With no monumental number to place behind it, the date March 9 came and—with the exception of a few staunch supporters—quietly dissipated, at least nationally.

Fortunately for us New York City dwellers, we’re in our own universe, and with Planet Brooklyn leading the charge, we grieved and partied the entire weekend in memory of the passing of all-time great emcee Christopher Wallace, aka the Notorious B.I.G., who died 17 years ago. Quite a few emcees have represented the borough since he’s been away, but only one has come close to the reverence Brooklyn holds for Biggie. One of the reasons was found in his first chart-topper “Juicy,” in which he spouts:

“I made the change from a common thief

“To up close and personal with Robin Leach

“And I’m far from cheap, I smoke skunk with my peeps all day

“Spread love; it’s the Brooklyn way.”

That’s the communal “when I get on, we all get on” vibe that’s expressed by everyone aspiring for success but who forget the community that molded the ethic, mind frame and talent that helped them up the ladder.

Upstart fashion designer Jamal Smith knows the feeling oh so well. As a transplanted New Yorker, Smith found his way back home as a featured designer for Fashion Week Brooklyn with his clothing line Everything Brooklyn. The event, his initial runway show, was held at Gotham Stages in his hometown. It wasn’t met with angst or nerves, but the typical steely resolve that Brooklyn is known for.

Said Smith, “The fashion show was great. It was hectic and awesome at the same time. I was too consumed at the time to really get the experience, but I received a lot of great reviews and I am still getting positive feedback from the show. My team really took an extra step to make it perfect for the company. I am looking forward to the next fashion show.”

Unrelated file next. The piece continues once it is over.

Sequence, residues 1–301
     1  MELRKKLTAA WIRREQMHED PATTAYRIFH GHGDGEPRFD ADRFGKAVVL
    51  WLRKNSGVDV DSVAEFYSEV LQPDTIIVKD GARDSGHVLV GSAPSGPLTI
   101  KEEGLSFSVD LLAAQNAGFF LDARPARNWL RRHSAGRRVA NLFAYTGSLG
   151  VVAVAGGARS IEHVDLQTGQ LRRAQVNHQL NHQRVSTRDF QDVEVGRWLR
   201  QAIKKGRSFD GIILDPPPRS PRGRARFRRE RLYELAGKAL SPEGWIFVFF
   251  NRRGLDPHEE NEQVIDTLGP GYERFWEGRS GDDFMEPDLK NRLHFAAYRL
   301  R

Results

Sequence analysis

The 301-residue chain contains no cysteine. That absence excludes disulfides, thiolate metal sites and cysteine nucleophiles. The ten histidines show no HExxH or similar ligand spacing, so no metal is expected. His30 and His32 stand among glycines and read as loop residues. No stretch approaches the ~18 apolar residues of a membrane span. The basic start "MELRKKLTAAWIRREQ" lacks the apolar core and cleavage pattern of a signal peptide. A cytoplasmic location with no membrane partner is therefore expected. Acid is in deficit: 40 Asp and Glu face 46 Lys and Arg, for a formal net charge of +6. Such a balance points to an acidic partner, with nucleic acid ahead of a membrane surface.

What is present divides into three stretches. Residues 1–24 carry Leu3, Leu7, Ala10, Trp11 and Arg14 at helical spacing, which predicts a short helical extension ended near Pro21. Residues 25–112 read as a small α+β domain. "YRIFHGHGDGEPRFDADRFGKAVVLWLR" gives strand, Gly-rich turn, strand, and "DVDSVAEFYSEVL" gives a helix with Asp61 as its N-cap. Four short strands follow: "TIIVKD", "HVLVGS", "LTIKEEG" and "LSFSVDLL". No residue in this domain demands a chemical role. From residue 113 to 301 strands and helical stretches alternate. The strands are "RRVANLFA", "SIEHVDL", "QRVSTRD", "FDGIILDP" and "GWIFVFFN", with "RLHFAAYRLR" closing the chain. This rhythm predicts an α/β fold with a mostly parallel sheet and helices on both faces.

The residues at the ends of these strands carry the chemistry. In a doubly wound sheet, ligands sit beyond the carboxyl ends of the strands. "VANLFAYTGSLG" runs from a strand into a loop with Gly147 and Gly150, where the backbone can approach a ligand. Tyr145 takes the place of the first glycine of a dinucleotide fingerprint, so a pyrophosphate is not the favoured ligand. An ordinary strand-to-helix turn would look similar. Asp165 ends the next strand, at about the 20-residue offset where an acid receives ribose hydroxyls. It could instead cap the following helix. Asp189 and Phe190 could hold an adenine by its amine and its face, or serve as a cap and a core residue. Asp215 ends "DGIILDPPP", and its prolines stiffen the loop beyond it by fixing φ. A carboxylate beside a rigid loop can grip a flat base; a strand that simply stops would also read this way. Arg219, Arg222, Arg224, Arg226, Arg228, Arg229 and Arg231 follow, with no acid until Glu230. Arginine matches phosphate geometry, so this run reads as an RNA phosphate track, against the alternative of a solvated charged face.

What did excite Smith, however, was the chance to hit the streets—the source of his creative flow.

“Just walking around and seeing the diversity of Brooklyn is an inspiration. I grew up here, and I realize Brooklyn makes you a different being, and it shows in my work. Every design of my shirts reflects some part of my life,” said Smith. “Like the one shirt that reads ‘I am still Brooklyn.’ It was designed for me and others that don’t live in New York City anymore, but we are still in Brooklyn. You can’t take Brooklyn out of a person. However, you can remove us from Brooklyn.”

As a gesture of good will and to share his vision with others, Smith went to a favorite mantra from his collection.

“In honor of Biggie Smalls, we gave out ‘Spread Love It’s The Brooklyn Way’ T-shirts. We stopped off in several areas and did random giveaways to honor the movement. That’s something we’ll be doing more of to honor Brooklyn. My belief is to always give back to where you came from.”

Those interested in purchasing Smith’s work can visit www.everything-brooklyn.com. That is, until the plans to open flagship stores in Brooklyn, and Atlanta, come to fruition.

Over and out. Holla next week, y’all. Till then, enjoy the nightlife.